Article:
The liver is a key organ in metabolism and will have some amount of fat. However, excessive fat accumulation in the liver can be abnormal and is referred to as fatty liver. If the fat content exceeds anything more than 5% to 10% of the liver’s weight, it would be referred to as fatty liver.
Types - There are mainly two types based on causes:
- Alcoholic fatty liver: This is very common in people who consume excessive amounts of alcohol. Even a one-off instance of binge drinking can cause increased fat accumulation in the liver, but it would not produce any symptoms though. Preexisting hepatitis, pregnancy, obesity, and genetic predisposition may also lead to alcoholic liver disease.
- Non-alcoholic liver disease: This is the less common type of fatty liver, and there would be no alcoholic abuse history here. However, there could be genetic predisposition, obesity, autoimmune liver disease, malnutrition, which can lead to this condition.
Fatty liver disease is a chronic condition with insidious onset (meaning to say, the exact time of onset cannot be pinpointed). However, as the disease condition progresses, symptoms will become evident, which can trigger a medical evaluation to identify the fatty liver. Some of the symptoms include:
- Excessive fatigue and weakness
- Unexplained weight loss
- Loss of appetite
- Trouble focusing and concentrating
- Impaired judgment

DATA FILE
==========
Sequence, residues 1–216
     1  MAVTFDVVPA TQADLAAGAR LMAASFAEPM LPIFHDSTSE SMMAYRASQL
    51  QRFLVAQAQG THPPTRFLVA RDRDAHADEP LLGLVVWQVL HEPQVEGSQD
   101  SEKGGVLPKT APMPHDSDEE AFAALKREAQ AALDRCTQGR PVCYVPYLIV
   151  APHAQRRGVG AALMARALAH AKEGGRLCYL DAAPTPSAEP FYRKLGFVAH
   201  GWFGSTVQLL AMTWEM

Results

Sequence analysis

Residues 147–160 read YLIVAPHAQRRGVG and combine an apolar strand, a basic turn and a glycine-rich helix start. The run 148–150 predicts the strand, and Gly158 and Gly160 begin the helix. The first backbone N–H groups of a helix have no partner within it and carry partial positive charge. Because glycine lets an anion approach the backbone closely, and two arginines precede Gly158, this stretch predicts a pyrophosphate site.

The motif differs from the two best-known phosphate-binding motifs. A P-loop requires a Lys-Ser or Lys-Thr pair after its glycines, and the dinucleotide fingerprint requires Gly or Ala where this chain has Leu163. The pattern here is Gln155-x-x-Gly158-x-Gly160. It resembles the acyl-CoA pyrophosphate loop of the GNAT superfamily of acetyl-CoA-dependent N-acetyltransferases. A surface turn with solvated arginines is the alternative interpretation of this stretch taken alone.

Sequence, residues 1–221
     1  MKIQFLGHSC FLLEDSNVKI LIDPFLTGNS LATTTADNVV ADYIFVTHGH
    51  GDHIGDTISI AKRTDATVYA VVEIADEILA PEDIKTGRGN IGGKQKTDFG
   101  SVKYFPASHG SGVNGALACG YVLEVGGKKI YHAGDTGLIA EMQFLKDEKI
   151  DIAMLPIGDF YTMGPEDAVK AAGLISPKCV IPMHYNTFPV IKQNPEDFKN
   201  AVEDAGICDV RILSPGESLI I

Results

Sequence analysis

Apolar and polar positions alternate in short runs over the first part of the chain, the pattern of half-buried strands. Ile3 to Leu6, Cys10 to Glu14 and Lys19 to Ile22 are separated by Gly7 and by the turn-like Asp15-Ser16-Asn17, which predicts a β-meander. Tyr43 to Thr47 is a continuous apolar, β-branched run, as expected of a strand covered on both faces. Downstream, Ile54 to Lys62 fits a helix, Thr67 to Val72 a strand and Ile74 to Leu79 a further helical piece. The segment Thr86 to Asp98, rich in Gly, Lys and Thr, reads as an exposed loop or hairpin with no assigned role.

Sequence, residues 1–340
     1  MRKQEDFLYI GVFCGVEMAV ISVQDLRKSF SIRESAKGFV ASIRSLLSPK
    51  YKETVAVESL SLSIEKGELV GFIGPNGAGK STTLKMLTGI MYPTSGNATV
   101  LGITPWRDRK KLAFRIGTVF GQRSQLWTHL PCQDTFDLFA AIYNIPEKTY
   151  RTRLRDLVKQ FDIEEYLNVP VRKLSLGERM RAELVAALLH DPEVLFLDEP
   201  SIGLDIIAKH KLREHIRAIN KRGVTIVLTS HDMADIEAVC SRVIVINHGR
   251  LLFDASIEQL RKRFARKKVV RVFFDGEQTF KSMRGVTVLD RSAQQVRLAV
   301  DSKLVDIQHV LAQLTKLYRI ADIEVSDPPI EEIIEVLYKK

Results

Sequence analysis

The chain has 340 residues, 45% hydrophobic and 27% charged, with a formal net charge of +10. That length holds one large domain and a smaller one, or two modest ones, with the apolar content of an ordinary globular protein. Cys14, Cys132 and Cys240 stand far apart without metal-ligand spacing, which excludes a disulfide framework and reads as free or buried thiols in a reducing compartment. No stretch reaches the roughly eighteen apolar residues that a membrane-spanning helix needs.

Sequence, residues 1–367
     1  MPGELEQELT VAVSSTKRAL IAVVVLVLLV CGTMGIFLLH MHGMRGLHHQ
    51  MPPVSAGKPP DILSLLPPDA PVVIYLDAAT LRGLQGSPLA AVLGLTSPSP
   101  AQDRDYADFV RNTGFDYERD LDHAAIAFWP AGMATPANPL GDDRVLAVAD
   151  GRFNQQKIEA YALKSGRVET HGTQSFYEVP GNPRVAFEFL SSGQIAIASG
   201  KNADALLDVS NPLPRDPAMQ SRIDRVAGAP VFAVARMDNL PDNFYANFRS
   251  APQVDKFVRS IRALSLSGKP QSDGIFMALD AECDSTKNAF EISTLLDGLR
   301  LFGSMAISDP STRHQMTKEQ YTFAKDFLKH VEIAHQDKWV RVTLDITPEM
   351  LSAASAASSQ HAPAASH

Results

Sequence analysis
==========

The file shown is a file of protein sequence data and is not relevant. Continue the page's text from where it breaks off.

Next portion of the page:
- Constant, slow enlargement of the liver can cause pain in the right upper quadrant of the abdomen (where the liver is)
- There could be jaundice, where the skin and the white of the eyes turn pale yellow
- Symptoms of liver failure, including increased levels of proteins in the chemical tests.
As noted earlier, it is not easy to identify liver disease, as there are no specific symptoms. However, the above symptoms could point to a potential fatty liver.
- Blood tests, especially for liver enzymes
- Ultrasound, where the liver is imaged to look for any structural changes
- Biopsy, where liver tissue is extracted to confirm the diagnosis of fatty liver
There is no specific treatment for fatty liver. It can be managed through the following, where symptoms reduce in severity, and overall prognosis improves.
- Diabetes control: There is a relation between how well diabetes is controlled and severity of fatty liver. Improving diabetes control ensures fatty liver does not progress.
- Alcohol: Cutting down or even better quitting alcohol, definitely helps improve symptoms. If it is alcohol induced fatty liver, alcohol should be stopped.
- Weight management: Obesity and fatty liver are related, so weight management is essential.
- Healthy diet: Eating a healthy diet and regular exercise regimen also helps improve symptoms of fatty liver.